Dr. Elliot: Well, I think it starts with an honest discussion with the patients.

What I mean by an “honest discussion” is that the patient in the course of the consultation has to understand what the limitations are. And, we don’t have a “magic wand”.

But certainly, with the modalities that we have available, we can improve.

So, if a patient is realistic. And, they understand. And, the surgeon is honest and ethical…at the end of that consultation, that patient will understand: “Okay, I can look a little freshened. I can reduce my wrinkle a little bit. I can reduce the pigmentation a little bit.

And, if I’m having any surgical procedures, I can look more rested. I can have less “skin-hang” over my eyes. Or the bags under my eyes improved. Or, my neck contour improved. And, my jowls improved….”.

Looking more rested and youthful vs radical transformation

Dr. Elliot: So, when the patient understands what can occur and what to expect (and, what can’t occur).

In other words, you can’t turn the clock back thirty years (on most patients). But, to use the analogy: “You’ll look more rested and you’ll look a little more youthful”.

Indeed, some patients who start off looking like their mother. And, when you’re done with them, their before pictures look like their mother.

So, I think it takes a thorough understanding of (first and foremost) the limitations of surgery.

And, if they’re comfortable with that, they proceed.

Education vs Surgery:  how to avoid the pitfalls of the uninformed

Conrad: It sounds like your role as an educator and an advocate for your patients is key?

Dr. Elliot: Yes, it’s very important to be an educator for you patients (and an advocate at the same time).

And, the converse is important as well.

If you aren’t an educator. And, if you aren’t honest (as far as expectations are concerned) both you and the patient are going to be in trouble after surgery. Or, after a procedure.

Because, you’re going to have dissatisfaction. On the backside…that’s not pleasant.

The importance of a “Safety-first” approach

Conrad: What do you say to patients who are concerned about major surgery and recovery time?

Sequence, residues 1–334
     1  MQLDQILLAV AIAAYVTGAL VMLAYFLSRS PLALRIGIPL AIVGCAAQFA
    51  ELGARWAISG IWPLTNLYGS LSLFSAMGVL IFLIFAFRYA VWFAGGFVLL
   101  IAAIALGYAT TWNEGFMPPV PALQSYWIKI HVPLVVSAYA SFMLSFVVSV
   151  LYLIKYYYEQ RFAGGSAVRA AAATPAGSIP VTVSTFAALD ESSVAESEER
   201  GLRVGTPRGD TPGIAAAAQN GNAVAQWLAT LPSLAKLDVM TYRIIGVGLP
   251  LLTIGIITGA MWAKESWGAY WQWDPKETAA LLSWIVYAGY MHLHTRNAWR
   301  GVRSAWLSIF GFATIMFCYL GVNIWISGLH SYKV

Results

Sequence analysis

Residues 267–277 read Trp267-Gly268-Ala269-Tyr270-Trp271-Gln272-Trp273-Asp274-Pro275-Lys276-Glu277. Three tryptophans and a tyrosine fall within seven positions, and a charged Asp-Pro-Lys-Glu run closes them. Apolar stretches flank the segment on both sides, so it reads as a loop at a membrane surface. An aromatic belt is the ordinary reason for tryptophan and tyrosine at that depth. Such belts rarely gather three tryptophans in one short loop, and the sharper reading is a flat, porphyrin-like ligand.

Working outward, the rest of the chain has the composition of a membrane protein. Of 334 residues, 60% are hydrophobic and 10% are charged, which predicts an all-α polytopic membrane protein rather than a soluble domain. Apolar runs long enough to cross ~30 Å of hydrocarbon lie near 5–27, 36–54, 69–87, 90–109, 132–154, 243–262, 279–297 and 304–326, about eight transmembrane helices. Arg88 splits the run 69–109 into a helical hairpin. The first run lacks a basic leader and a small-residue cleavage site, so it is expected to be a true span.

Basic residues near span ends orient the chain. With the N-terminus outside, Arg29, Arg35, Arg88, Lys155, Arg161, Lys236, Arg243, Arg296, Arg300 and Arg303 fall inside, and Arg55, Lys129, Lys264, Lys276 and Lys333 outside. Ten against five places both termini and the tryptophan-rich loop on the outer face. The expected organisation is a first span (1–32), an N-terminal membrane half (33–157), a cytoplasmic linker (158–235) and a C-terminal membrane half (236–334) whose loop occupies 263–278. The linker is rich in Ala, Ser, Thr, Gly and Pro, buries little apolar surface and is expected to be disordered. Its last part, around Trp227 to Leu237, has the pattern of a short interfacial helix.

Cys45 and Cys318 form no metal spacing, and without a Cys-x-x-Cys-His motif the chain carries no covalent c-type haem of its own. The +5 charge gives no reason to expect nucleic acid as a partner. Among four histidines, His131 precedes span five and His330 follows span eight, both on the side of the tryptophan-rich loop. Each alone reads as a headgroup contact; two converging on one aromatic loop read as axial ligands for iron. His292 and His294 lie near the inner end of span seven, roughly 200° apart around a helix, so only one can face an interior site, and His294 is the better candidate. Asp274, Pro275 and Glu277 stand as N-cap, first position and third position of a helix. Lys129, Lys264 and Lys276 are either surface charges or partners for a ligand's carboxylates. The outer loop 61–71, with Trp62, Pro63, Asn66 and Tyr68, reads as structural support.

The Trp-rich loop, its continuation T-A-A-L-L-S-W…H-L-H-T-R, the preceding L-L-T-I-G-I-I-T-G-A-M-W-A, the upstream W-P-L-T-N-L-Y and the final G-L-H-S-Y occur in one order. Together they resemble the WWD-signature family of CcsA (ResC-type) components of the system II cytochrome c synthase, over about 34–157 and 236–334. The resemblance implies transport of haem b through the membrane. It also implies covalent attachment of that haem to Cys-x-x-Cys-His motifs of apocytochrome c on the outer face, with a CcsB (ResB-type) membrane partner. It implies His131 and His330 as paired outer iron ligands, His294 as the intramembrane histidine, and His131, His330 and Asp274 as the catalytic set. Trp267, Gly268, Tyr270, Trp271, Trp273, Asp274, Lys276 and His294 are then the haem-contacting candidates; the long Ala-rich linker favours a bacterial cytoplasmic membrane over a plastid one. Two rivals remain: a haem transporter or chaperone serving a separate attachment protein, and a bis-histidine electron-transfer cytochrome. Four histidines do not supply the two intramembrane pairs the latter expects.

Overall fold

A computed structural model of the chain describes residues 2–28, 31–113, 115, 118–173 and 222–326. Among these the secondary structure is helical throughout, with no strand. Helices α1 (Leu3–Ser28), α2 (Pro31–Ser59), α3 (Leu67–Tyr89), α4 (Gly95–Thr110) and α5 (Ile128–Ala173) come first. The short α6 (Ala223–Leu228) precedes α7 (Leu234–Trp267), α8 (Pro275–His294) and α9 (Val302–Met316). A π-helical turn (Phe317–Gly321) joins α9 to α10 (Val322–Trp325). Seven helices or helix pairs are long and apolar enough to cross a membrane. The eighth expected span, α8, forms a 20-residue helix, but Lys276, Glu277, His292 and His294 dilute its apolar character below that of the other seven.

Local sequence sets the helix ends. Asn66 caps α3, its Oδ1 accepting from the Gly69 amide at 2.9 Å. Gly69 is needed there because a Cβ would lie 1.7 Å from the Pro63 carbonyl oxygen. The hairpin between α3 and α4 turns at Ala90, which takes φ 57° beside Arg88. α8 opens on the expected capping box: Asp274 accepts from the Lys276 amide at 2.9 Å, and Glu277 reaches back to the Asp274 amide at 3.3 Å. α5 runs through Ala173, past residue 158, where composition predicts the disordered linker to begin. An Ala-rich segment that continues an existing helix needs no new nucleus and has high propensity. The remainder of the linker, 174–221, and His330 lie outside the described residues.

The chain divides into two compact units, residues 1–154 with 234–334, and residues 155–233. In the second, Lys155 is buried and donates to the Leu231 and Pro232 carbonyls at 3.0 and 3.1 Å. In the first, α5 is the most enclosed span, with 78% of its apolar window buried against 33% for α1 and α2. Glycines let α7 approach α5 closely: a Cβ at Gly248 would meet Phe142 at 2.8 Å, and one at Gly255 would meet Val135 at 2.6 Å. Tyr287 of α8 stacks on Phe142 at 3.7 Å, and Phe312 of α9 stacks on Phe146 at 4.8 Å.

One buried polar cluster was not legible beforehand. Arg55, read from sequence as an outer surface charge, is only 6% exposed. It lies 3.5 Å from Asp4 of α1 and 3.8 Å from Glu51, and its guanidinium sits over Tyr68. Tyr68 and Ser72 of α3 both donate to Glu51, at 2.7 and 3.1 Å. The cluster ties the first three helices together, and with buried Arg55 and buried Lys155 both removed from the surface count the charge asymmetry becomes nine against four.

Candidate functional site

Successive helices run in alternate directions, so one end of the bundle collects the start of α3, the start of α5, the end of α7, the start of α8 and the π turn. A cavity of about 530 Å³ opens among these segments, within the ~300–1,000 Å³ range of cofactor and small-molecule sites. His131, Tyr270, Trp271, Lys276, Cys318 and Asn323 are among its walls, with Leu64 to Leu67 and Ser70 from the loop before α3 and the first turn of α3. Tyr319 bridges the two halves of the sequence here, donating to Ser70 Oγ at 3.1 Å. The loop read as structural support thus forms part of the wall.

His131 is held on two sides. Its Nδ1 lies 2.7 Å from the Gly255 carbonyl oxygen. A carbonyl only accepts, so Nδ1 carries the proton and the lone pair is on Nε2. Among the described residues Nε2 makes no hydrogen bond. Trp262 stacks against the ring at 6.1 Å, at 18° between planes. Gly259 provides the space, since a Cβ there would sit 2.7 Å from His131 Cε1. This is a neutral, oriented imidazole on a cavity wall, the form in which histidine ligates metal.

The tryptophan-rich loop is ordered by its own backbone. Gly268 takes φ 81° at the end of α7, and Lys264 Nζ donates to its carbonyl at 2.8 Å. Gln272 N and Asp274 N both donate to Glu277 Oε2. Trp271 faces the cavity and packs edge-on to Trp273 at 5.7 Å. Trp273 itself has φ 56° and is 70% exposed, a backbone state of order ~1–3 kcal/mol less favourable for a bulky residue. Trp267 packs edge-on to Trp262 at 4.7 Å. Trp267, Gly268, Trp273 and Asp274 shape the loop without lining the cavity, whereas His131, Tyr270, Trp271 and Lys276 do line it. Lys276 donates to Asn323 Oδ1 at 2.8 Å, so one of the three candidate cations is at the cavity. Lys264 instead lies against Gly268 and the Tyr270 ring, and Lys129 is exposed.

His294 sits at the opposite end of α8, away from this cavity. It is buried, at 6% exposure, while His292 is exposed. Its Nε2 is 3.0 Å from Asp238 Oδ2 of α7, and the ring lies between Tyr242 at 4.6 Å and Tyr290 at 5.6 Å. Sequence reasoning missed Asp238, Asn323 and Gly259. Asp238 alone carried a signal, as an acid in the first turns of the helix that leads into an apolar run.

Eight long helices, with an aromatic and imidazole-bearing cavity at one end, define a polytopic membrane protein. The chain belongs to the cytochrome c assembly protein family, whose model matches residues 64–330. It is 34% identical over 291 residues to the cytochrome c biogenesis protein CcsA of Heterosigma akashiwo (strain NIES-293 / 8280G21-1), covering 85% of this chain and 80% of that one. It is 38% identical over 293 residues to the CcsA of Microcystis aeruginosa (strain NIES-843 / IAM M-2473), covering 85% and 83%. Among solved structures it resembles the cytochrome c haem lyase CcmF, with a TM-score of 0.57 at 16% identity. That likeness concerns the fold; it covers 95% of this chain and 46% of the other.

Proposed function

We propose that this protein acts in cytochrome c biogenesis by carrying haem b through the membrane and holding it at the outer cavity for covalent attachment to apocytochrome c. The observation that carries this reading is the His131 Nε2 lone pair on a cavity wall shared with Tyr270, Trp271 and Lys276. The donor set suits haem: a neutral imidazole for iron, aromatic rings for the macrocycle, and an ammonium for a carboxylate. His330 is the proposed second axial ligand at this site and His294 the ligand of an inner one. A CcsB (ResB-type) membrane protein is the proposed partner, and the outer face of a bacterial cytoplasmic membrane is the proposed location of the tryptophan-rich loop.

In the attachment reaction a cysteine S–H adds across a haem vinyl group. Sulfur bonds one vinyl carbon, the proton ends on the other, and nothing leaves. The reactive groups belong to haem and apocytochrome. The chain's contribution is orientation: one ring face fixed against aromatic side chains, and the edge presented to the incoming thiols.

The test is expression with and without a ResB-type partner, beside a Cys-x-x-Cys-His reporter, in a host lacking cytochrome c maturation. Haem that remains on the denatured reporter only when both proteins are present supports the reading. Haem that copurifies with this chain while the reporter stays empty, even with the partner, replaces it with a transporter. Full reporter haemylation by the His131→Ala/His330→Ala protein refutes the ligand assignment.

Dr. Elliot: Well, I don’t downplay any surgical procedure. I think any surgery is “major”. And, first and foremost, safety is extremely important.

And, safety starts out with and assessment of the patient’s general health. Are they a good candidate for elective surgery? 

Some patients aren’t.

Your medical history matters

Dr. Elliott: Some patients have high blood pressure that’s not controlled.  Some patients have diabetes that’s not well controlled. Or other disease processes that don’t make them a good candidate for elective cosmetic surgery.

So, you have to get through the medical history. And, a lot of the time, I will ask for what we call “Medical Clearance”. 

So, we’ll go back to their regular physician (if they have one), who knows their general health best.  And assess whether they’re okay for elective surgery. And then, if they get through that initial rudimentary screening, we get lab work.

We make sure the lab work shows that they’re healthy.

Location, location, location

Dr. Elliott: And then, you get into the procedure itself:

  • Where do you do it?
  • How do you do it?
  • Are you doing the surgery in an office “operatory”?
  • Are you doing the surgery in an accredited “surgicenter”?
  • Are you using a nurse anesthetist versus a Board Certified Anesthesiologist?

So, there are different levels of safety (in terms of performing an elective medical procedure).

Waking up is priceless

Dr. Elliot: My philosophy is you have to be as safe as you can. It might be a little more expensive for the patient.

So, when I take my patients to an outpatient surgery center thats:

  • Accredited
  • Has a Board Certified Anesthesiologist
  • I know I would let put my family to sleep

They’re going to pay a little more than a surgeon who:

  • Performs surgery in their office.
  • Uses a nurse anesthetist.